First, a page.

Arizona DOT says dust detection and warning system working as designed

One 20-minute storm event, where visibility dropped to less than 300 ft, provided measurable data for the system

November 05, 2020 / 1 minute read
Arizona DOT says dust detection and warning system working as designed
Image: Arizona DOT

With its first monsoon season under its belt, the Arizona DOT (ADOT) says data shows that the agency's dust detection and warning system is working as designed.

Though ADOT says the latest monsoon season in Arizona was not the most robust weather event, there was one 20-minute event that provided measurable data. At one point during that storm, visibility dropped to less than 300 ft, triggering the speed limit to drop to 35 mph, which happens incrementally. The loop detectors showed that the average vehicle was driving about 45 mph, a big drop from the normal 75 mph limit.

“We do know that the system is working—it is doing what it’s supposed to,” Kevin Duby, statewide road weather manager, said in an ADOT blog post. “Our next step is to take the data we have to evaluate and determine the efficiencies of the system to improve performance.”

A study from 2010 and 2015 detailed how traffic was impacted by dust storms along this I-10 corridor, showing 83 dust-related crashes with more than half of them occurring within about a half-mile of each other. In 2016, ADOT and its partners began creating a system to help Arizona drivers be better equipped to deal with dust storms.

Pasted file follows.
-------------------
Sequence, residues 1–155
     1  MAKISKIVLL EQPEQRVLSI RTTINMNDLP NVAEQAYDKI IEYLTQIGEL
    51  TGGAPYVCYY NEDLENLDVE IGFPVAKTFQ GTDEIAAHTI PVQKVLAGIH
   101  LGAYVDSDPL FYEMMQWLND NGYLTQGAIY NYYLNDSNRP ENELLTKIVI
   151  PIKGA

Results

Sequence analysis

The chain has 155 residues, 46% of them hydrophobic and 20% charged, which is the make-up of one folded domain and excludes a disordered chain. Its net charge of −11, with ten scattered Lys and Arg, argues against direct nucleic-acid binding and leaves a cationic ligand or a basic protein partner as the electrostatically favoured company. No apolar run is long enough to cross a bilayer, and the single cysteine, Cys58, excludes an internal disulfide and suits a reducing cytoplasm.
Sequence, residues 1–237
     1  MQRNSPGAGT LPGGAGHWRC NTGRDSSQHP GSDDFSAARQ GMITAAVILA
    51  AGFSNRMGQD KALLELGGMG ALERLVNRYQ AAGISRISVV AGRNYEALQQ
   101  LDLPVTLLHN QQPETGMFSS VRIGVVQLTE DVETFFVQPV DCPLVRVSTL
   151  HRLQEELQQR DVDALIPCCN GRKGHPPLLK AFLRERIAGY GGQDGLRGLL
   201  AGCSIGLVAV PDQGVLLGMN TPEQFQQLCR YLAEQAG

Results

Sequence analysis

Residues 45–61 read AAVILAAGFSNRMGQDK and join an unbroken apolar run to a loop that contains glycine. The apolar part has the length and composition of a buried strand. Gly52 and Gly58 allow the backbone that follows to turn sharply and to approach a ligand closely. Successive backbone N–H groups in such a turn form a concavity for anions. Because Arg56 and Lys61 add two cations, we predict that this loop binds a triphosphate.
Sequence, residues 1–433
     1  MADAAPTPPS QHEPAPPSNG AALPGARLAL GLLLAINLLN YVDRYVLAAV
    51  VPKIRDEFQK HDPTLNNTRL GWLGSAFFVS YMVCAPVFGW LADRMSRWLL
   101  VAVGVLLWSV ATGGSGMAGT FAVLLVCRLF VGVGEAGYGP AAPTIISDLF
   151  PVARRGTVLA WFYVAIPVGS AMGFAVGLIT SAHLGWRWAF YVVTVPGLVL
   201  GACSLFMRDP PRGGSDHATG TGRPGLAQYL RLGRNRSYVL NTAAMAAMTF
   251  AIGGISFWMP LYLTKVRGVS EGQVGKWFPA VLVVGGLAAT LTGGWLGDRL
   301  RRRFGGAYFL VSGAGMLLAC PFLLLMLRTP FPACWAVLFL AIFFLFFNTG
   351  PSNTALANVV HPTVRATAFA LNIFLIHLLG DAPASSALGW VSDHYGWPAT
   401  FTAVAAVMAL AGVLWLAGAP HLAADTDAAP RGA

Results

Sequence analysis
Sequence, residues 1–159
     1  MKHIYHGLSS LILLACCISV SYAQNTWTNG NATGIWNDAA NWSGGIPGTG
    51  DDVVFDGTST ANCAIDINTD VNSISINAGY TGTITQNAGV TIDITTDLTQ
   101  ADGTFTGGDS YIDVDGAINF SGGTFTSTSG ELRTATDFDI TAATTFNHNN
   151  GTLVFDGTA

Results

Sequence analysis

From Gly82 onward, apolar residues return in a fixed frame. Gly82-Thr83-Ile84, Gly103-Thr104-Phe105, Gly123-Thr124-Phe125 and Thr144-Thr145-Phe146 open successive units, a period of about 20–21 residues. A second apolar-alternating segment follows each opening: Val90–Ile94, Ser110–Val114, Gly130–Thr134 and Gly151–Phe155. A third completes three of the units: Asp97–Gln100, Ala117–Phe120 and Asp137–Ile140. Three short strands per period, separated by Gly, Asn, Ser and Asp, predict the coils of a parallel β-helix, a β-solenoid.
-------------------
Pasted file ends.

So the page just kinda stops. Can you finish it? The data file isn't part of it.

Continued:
The dust-detection technology employed includes overhead message boards, variable speed limit signs, closed-circuit cameras, and short-range detectors for blowing dust, ADOT says. In addition, a long-range weather X-Band radar dish is part of the system, sitting atop a 22-ft-tall pole at the S.R. 87 interchange that can detect storms more than 40 miles away. X-Band is frequency range from 8 to 12 gigahertz. The lower frequencies make this band suitable for the harshest weather conditions, providing high link availability for weather-monitoring radar solutions.

---------

SOURCE: Arizona DOT

Related Articles

The National Highway Traffic Safety Administration (NHTSA) this week announced the expansion of the Automated Vehicle Transparency and Engagement for…
January 13, 2021
The U.S. DOT this week announced an award of more than $41 million to 15 teams in 15 states through two transportation design challenges to improve…
January 08, 2021
The Federal Railroad Administration (FRA) recently announced that positive train control (PTC) technology is in operation on all 57,536 required …
January 07, 2021
E&B Paving crew places a concrete overlay on S.R. 3 in Henry and Delaware Counties, Indiana. The pavement was 9 in. thick with variable thicknesses at bridge transition areas.
E&B Paving crew places a concrete overlay on S.R. 3 in Henry and Delaware Counties, Indiana. The pavement was 9 in. thick with variable thicknesses at bridge transition areas.
The first documented use of concrete to resurface pavements dates back to 1901. That first concrete overlay was one of 15 placed between 1900 and…
January 06, 2021
expand_less